With the digital boom, the concept of telemedicine has made a big impact on the way that patients receive healthcare from doctors and other medical professionals. The practice centers on the remote diagnosis and treatment of patients’ conditions via means of electronic communications technology, such as emails, videos, smart phones, and other Internet tools. While telemedicine certainly offers convenience, the practice poses dangers for patients, too.If you’ve been harmed due to medical errors made via telecommunication, seek legal counsel from Boston Medical Malpractice Lawyer Douglas Lovenberg today.
A Lack of a Physical Examination
One of the most pressing arguments against telemedicine is that it fails to provide patients with the ability to receive a physical examination, a procedure that can be essential to catching certain diseases early, and is key to properly diagnosing a number of conditions. A physical examination is a critical part of medical care, and removing it from the equation is a nonsensical idea.
Another problem posed by telemedicine is the fact that there is little-to-no accountability for telemedicine systems. For example, suppose a patient is suffering from abdominal pain in the middle of the night. The patient calls his doctor via telecommunication, but the telecommunication system fails to properly connect. As such, the question of who’s now responsible for the patient’s care (who’s liable for the failed technology? Who should the doctor call? What’s the expected response time) is brought into light.
Another issue that focuses on physician accountability and telemedicine is this: because care is given from a remote location, a patient may seek the services of a medical professional outside of Massachusetts. I.e., a patient in Boston may consult with a doctor in New York. However, the New York doctor may not be subject to Massachusetts’ licensing requirements, and may not be held liable in a medical malpractice suit for damages due to the state line boundary.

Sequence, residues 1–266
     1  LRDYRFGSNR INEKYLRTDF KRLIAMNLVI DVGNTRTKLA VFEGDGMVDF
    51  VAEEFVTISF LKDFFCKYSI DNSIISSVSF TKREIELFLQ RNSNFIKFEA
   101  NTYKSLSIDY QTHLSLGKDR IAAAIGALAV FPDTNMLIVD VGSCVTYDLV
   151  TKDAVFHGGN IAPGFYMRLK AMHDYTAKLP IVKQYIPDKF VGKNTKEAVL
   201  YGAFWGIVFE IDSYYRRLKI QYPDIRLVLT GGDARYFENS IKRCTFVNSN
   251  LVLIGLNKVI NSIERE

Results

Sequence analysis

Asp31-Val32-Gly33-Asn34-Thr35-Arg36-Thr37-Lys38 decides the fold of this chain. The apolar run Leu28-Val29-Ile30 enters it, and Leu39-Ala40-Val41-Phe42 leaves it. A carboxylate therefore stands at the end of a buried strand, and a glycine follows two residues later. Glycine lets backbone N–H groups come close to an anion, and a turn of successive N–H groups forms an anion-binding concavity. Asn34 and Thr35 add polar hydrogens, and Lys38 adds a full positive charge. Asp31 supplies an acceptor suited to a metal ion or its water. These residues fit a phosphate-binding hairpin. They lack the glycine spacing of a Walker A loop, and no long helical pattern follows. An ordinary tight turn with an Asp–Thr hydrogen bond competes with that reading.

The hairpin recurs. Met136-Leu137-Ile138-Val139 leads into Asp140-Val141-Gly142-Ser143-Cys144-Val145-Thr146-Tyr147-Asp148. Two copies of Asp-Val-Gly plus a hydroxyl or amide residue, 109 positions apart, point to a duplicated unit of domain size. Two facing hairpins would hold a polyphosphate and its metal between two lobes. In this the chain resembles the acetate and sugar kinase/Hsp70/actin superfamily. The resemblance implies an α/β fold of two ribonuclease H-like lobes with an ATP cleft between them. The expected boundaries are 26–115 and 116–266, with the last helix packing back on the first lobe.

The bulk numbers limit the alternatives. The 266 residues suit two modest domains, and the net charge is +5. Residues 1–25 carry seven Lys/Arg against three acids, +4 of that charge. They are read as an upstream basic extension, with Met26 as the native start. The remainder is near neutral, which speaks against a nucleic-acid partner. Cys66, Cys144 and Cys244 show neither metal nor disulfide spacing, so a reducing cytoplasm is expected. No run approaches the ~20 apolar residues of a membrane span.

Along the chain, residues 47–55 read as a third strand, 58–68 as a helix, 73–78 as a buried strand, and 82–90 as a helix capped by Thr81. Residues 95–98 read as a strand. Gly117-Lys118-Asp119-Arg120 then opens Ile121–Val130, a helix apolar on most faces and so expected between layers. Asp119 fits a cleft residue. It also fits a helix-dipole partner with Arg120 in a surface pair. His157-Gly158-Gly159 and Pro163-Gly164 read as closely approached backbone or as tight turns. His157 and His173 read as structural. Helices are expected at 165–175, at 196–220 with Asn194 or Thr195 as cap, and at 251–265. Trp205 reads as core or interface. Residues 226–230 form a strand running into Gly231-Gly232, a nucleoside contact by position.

The Benefits of Telemedicine
While telemedicine doesn’t offer high levels of accountability and cannot provide a patient with a critical physical examination, it’s not all bad. The American Telemedicine Association argues that the practice allows physicians to monitor patients remotely, provides continuing medical education, allows for quick specialist referrals, and helps patients in collecting medical and health information. While the benefits should certainly be acknowledged, the system is not perfect, and for many patients, the risks of telemedicine may outweigh the advantages.
Telemedicine Errors Subject to Medical Malpractice Claims – Contact an Attorney Today
The room for error when a doctor cannot interact with a patient in-person is high. If you have been the victim of a serious medical error via telemedicine that lead to further complications, then you still have the right to file a medical malpractice claim for damages. At Lovenberg & Associates, P.C., our attorneys can walk you through medical malpractice law, and explain how it applies to telemedicine.
Filing a medical malpractice lawsuit can be an intimidating process. To make sure you’re not facing a doctor or hospital’s attorneys on your own, our lawyers will provide you with the legal support and advocacy you need. Reach us today at 617-973-9950 to schedule your free case consultation now.